Websites have been encouraging cowardice. They allow users to hide behind virtual anonymity to make hasty, ill-researched and often intemperate comments regardless of any consideration for personal hurt or corporate damage.
They may be fun to read, but all of us need to reconsider how they appeal to our baser instincts - and whether they actually threaten the future of free speech rather than prove a valuable demonstration of it.
It has been hard to excuse the excesses in some of independent.co.uk’s comments. In trying to bring the immediacy of post-moderation, some posters’ closed minds and wilful neglect of commonsense (let alone decency) meant all too often that we ended up shutting articles to comments. Add to that the infuriating persistency of spammers and we can only thank the temperate, sensible and often still forceful posters who stuck with us.
Such nuisances might have emanated from a minority, but their bigotry and offensiveness left a smell that lingered not only across all comments. It was starting to drift across the site.
We have been far from alone in suffering the worst excesses from the sort of people one would cross a very wide and busy road to avoid. As Leonard Pitts Jr observed on the Miami Herald: “Message boards… have become havens for a level of crudity, bigotry, meanness and plain nastiness that shocks the tattered remnants of our propriety.”
Now independent.co.uk is aiming to raise standards through increased accountability. We cannot justify giving a platform to those who abuse it; but we shall be proud to host for whom free speech is an asset to be respected - along with, to be honest, the well-judged flash of irony and humour.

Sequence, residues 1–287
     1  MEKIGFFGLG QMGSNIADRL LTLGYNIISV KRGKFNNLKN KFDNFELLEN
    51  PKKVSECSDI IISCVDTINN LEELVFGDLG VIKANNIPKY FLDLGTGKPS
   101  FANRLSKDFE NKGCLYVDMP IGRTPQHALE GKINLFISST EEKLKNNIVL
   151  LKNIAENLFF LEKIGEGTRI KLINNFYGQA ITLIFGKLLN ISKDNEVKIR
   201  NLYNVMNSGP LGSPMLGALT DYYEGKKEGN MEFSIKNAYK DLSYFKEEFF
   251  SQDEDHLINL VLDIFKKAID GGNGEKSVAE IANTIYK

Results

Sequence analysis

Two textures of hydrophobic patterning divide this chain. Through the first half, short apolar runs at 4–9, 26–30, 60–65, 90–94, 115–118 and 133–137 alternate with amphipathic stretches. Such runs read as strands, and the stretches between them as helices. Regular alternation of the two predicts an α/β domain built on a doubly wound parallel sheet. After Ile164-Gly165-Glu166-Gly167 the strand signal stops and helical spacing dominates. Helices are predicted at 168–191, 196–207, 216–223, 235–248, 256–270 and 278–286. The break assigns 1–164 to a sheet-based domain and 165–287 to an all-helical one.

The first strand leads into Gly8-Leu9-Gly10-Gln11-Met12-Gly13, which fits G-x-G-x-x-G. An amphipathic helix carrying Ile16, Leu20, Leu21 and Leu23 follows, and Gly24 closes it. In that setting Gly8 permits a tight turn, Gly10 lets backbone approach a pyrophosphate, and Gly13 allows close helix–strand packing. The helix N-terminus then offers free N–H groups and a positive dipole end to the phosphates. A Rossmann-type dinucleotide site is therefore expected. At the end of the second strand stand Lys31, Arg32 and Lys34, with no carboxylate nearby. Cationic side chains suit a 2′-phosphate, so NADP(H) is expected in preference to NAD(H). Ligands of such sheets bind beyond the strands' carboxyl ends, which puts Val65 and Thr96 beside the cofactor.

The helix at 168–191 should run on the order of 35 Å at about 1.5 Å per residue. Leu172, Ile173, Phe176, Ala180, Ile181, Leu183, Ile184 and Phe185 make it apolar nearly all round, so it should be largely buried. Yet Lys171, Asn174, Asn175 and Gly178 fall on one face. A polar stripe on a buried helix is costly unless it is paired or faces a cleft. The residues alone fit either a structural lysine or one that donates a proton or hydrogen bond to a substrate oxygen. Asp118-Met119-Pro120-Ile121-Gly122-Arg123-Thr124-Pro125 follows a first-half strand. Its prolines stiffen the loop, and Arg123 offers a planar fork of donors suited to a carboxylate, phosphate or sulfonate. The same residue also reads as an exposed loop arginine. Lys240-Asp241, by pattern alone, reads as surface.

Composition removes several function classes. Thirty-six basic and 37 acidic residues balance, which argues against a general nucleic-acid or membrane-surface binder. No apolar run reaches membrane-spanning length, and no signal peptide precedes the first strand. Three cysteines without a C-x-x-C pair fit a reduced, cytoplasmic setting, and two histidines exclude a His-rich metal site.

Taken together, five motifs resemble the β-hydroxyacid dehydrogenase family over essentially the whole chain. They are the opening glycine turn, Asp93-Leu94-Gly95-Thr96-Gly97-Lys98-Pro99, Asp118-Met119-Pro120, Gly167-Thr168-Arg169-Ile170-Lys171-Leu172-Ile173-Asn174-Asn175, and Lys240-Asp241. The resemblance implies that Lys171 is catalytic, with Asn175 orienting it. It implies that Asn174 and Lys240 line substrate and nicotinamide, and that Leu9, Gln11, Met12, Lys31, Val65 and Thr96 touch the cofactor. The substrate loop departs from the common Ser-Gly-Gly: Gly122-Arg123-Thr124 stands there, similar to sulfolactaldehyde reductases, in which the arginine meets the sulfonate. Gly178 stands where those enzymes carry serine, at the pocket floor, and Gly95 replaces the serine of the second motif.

So we have changed our logins to encourage comments from individuals or even official bodies using their Facebook or Twitter accounts – with other options for Yahoo or Open ID log-ins. There is also a Disqus option, where your account must be validated through your e-mail.
(There are also other methods, by the way, with which we shall excise the idiocy of the spammers.)
The obligation to preserve free speech is as much on those who have the opportunity to spread it as on those who wish their voices to be heard. We have made our changes and now we encourage you to speak – forcefully and plainly, yes, but bearing in mind sense and sensibilities. (Our terms and conditions for postings explain how and why we seek such a balance.)
We hope this will flourish alongside our policy of post-moderation, which allows for immediacy and deeper involvement. But that is counter-balanced by the "flag" that alerts us to any abuse, with swift suspensions.
Yelling obscenities at anyone with opposing views is not how best to draw a crowd, let alone win the argument or serve democracy.
If you are speaking up, then speak up proudly and with responsibility. Embrace this opportunity to come out from the cloak of anonymity. That’s for the cowards for whom “freedom of speech” is something to rant about rather than an expression to live by. With all its obligations.
* Martin King is Online Editor of independent.co.ukReuse content